Let me start off this week’s review of initial jobless claims by pre-debunking something I am sure is going to be said elsewhere: a lack of reporting in Texas did *not* appreciably skew this week’s numbers. Applying the same workaround I did for Hurricanes Sandy and Harvey, I.e., subtracting the affected State’s data from the unadjusted number, to see how much it is at variance with all the other States, shows that Texas’s underreporting due to its electricity crisis was less than 20,000 at worst in a week with little seasonal adjustment. In other words, being very generous, the “real” seasonally adjusted number of initial claims at worst probably would have been only about 30,000 higher – I.e., 760,000 – but for Texas issues.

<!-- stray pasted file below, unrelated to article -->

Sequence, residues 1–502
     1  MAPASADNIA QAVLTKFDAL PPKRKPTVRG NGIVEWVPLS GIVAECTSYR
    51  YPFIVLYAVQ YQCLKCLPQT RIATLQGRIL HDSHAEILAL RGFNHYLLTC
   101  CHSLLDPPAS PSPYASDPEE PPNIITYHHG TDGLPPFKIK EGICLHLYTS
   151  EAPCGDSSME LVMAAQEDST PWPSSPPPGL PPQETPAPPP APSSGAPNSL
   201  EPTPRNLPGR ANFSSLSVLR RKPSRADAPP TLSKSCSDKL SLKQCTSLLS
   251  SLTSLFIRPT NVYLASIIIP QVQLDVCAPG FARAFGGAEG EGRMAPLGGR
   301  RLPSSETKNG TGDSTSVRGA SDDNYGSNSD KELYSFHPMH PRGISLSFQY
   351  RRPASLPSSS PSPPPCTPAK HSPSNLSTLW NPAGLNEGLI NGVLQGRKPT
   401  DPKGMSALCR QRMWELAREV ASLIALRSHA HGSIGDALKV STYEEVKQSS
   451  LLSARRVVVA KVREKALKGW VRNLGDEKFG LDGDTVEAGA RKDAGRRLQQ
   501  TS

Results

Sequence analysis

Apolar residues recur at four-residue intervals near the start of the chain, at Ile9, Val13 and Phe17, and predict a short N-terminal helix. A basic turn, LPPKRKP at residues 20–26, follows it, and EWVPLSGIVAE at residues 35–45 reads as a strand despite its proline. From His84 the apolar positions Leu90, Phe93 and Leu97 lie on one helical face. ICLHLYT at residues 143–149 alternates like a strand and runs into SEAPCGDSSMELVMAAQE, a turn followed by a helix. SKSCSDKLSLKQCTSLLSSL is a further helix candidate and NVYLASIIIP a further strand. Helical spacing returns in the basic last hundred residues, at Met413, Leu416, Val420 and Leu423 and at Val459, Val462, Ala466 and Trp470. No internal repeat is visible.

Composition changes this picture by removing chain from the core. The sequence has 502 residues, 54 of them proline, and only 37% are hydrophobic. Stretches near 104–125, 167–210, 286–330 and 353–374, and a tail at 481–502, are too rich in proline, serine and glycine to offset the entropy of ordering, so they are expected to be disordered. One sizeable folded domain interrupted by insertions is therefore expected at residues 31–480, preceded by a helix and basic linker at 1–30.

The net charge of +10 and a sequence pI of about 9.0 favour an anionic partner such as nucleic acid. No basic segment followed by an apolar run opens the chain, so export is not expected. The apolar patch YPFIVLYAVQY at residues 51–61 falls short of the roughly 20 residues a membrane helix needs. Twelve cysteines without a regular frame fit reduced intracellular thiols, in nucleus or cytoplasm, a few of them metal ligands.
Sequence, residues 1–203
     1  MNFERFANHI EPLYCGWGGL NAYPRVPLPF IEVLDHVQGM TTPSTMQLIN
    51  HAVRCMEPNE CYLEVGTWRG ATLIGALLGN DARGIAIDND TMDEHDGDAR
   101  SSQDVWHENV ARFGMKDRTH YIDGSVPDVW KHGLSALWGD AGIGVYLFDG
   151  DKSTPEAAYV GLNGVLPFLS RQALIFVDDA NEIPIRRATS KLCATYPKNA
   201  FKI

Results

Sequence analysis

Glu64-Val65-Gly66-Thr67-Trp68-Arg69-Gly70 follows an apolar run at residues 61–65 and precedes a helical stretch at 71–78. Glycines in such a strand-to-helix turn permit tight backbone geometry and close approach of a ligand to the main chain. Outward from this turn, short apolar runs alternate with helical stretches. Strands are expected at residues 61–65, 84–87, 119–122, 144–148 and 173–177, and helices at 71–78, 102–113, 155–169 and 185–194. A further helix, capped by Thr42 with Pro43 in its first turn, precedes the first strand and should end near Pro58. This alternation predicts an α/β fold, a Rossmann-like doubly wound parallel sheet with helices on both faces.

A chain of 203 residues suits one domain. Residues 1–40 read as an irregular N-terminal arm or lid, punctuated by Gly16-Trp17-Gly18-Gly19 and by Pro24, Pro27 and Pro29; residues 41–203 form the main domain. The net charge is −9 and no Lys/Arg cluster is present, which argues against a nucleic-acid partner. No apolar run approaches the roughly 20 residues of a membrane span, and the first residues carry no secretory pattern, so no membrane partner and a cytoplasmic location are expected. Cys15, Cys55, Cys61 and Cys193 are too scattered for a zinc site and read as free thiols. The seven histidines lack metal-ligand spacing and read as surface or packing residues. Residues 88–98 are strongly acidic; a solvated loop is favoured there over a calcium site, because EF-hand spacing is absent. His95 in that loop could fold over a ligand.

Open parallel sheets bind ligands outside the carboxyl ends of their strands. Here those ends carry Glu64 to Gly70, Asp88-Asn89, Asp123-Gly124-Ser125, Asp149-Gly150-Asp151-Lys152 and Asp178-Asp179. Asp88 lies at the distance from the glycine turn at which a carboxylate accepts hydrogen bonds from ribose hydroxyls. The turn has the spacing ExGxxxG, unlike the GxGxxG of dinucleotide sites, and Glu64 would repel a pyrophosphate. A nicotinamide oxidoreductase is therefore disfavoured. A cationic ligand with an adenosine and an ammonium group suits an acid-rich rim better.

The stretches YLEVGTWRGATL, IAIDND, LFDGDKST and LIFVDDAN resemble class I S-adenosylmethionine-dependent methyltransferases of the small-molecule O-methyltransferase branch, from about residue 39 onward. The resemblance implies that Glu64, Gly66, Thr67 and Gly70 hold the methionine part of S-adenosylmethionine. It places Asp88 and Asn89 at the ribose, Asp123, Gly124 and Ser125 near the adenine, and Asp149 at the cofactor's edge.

Additionally, last week’s nationwide numbers were actually revised *down* by 20,000, unlike the two prior weeks which saw very large upward revisions.
With those two introductory remarks out of the way, let’s look at the data.
This week, on a unadjusted basis, new jobless claims declined by 131,734 to 710,313. Seasonally adjusted claims decreased by 111,000 to 730,000. The 4 week moving average declined by 20,500 to 807,250.
Here is the close up since the end of July (these numbers were in the range of 5 to 7 million at their worst in early April):